Monday, April 28, 2014

Call for Proposals: ALAO Conference 2014

2014 ALAO Conference
The Academic Library Association of Ohio (ALAO) Conference Planning Committee invites you to submit proposals for the 40th Annual Conference, which will take place on November 13-14, 2014 at the Kalahari Resort & Convention Center in Sandusky, OH. The submission deadline for full-length sessions is May 30, 2014. Applicants are encouraged to develop sessions that show thoughtful consideration of this year’s conference theme, “Engagement, advocacy and outreach: Empowering our communities,” which seeks to explore how academic libraries and librarians empower our communities in all the ways that we do. We would love to learn about your ideas, experiences, solutions, and best practices – even those that yielded results that were different than expected!

Presentations may take the form of contributed papers, demonstrations, workshops, research results, panel discussions, etc. Topics may include, but are not limited to:

  • Library contributions to student retention and success 
  • Rethinking our work and services to meet the needs of our communities
  • Using spaces, exhibits, displays, and/or social media to engage users in new ways
  • Creating innovative librarian/faculty partnerships in support of curricular initiatives


  • Partnering with stake-holders and decision-makers to develop effective messages regarding library value
  • Using data to inform academic library advocacy efforts
  • Influencing higher education policy and legislation at local, state, and national levels


  • Collaborating with community and institutional partners
  • Reaching special student populations (veterans, international students, distance learners, etc.)
  • Programs and initiatives that have worked (or not!)

You may submit multiple proposals, however, no more than two will be included in the final program. Proposals are blind-reviewed for content, relevance to the conference theme, and overall appeal.

  • Submit your proposal online.
  • A concise, clearly written description and abstract will help the reviewers in evaluating your proposal.
  • Need help? See our presentation guidelines web page for tips.
  • Exclude the name of your institution, department and any personal names in the abstract to expedite the blind review process. You do not need to exclude this information in the brief description.
  • Presenters will be contacted regarding your AV/technology requirements when your proposal is accepted.
  • All presenters are responsible for their own registration and travel costs.
  • The conference planning committee recommends you print a copy of the completed form for your records before submitting.
  • Email confirmation from alao.cpc at will be sent to each presenter - or lead presenter - upon successful proposal submission.
  • If you do not receive confirmation, or have questions about your submission, please contact Diane Schrecker (Ashland University Library) via email: alao.cpc at

ALAO encourages library support staff and library student growth, career development, and participation in conference activities, and awards two presenter grants, one for support staff and the other for students. These grants (up to $150 each) are intended to assist with the costs incurred in preparing the presentation and modest travel costs associated with the presentation. Please note that only presenters of full-length sessions and posters selected for inclusion in the conference will be eligible for final consideration for the grant.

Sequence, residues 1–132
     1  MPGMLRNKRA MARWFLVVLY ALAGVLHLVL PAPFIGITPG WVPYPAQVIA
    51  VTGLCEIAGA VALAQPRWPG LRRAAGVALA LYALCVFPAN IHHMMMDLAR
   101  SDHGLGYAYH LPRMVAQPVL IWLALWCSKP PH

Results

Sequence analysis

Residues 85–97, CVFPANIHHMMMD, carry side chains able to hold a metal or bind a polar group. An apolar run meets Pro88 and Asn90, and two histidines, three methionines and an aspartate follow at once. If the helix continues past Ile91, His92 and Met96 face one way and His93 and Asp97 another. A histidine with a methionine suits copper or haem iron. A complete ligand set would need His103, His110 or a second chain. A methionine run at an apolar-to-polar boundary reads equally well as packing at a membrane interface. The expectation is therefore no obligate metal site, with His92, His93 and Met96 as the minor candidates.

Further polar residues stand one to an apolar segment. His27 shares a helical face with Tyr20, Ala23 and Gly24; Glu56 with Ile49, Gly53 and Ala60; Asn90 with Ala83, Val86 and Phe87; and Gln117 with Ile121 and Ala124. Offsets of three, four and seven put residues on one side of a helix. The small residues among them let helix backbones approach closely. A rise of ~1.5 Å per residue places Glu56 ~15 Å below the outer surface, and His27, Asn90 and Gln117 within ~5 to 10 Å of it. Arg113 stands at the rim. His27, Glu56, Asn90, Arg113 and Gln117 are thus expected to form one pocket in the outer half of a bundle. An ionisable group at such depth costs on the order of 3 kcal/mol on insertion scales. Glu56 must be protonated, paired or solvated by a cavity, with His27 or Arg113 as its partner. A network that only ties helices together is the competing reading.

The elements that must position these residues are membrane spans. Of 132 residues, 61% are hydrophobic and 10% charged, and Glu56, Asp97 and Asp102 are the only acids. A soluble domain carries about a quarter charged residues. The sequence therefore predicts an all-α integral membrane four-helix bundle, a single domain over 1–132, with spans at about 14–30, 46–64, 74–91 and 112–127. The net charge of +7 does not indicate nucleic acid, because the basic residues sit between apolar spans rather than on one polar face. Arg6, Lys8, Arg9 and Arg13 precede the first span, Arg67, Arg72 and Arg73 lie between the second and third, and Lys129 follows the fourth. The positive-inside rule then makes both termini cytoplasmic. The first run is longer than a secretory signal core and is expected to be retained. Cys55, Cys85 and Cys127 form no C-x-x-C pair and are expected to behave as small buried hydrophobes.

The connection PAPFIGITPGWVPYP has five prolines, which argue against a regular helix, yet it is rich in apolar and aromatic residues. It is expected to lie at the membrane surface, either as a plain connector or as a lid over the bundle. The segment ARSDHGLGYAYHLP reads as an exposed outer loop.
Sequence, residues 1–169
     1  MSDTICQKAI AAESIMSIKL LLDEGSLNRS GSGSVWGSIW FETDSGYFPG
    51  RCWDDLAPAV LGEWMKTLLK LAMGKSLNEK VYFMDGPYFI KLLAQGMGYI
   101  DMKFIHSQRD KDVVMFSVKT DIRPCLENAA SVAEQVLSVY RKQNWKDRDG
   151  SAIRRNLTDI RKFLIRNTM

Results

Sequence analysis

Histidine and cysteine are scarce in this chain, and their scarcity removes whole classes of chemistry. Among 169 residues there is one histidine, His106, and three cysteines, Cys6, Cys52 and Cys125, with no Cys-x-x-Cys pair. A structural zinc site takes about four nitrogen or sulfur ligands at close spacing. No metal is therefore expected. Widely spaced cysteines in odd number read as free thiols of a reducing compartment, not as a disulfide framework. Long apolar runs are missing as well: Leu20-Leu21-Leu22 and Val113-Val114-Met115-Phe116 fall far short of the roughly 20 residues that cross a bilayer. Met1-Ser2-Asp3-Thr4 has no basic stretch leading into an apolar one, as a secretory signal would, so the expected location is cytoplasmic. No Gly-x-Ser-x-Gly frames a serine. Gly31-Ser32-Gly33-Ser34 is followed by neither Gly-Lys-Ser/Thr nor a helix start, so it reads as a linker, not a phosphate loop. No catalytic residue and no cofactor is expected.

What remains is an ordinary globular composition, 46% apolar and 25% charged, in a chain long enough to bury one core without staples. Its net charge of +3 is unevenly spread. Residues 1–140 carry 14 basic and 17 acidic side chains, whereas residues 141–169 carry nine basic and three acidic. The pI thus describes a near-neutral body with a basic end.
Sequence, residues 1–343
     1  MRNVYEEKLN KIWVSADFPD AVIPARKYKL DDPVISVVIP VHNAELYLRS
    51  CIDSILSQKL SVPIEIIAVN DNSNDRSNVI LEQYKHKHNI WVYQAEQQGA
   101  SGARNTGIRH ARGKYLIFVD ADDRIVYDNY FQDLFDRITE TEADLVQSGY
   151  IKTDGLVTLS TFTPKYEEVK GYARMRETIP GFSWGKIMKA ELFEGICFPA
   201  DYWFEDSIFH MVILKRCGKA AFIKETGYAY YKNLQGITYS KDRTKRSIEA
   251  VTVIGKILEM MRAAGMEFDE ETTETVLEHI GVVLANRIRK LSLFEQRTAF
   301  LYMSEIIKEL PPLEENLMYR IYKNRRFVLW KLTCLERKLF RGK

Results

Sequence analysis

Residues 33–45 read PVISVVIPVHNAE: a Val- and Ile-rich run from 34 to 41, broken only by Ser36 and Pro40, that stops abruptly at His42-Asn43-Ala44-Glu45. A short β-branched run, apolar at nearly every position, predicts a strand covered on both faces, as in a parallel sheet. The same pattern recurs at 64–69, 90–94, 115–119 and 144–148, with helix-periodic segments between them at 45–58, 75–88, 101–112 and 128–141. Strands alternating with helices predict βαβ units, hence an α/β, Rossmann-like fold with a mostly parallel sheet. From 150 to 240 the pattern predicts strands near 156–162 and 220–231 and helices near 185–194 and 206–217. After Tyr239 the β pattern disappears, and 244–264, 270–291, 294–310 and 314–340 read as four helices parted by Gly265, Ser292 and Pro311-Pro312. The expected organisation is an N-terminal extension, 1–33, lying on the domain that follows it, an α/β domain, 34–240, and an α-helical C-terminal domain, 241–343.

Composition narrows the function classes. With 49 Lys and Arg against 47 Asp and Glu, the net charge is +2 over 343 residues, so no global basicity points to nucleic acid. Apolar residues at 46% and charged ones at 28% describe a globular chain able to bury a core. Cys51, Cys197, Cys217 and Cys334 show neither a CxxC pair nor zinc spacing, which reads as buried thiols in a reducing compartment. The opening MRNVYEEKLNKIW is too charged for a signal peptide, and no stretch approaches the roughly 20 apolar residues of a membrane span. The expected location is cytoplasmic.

Additional information is available on the ALAO 2014 Conference website.

Friday, April 25, 2014

Weekly Reader

From NASCAR Slides to "Any Questions?": 8 Kinds of Slides to Delete Right Now
"Lately, I've been coaching several speakers getting ready for industry conferences--hired either by their companies, or the conference organizers. As a result, I've spent an enormous amount of time telling speakers to ditch slide after slide after slide." -- Denise Graveline, The Eloquent Woman, 4/23/14

As Researchers Turn to Google, Libraries Navigate the Messy World of Discovery Tools
"Many professors and students gravitate to Google as a gateway to research. Libraries want to offer them a comparably simple and broad experience for searching academic content. As a result, a major change is under way in how libraries organize information. Instead of bewildering users with a bevy of specialized databases—books here, articles there—many libraries are bulldozing their digital silos. They now offer one-stop search boxes that comb entire collections, Google style." -- Marc Parry, Technology: Chronicle, 4/21/14

Multimedia Assignments: Not Just for Film Majors Anymore
"Millennials are often called "digital natives" because their familiarity with new technology seems to be in their DNA. Whether we like it or not, the "screen age" is here to stay—and with it has come a much more media-rich information ecosystem. Students are exposed to thousands of images a day. They share their own visual content via social-networking sites on their mobile devices, and orchestrate their own daily soundtracks with a portable music player and headphones. Yet too often their scholastic output more closely resembles that of their parents’ generation: a series of written words on a page." -- Danny Ledonne, The Digital Campus, 4/21/14

Confronting the Myth of the 'Digital Native'
"When Kaitlin Jennrich first walked into her communications seminar last fall, she had no idea that the professor already knew of her affinity for pink cars and Olive Garden breadsticks­—and that she planned to share that knowledge with the class. It hadn’t taken much sleuthing on the professor’s part to uncover those inane nuggets. The 18-year-old freshman at Northwestern University had herself lobbed them into the public sphere, via Twitter." -- Megan O'Neil, The Digital Campus, 4/21/14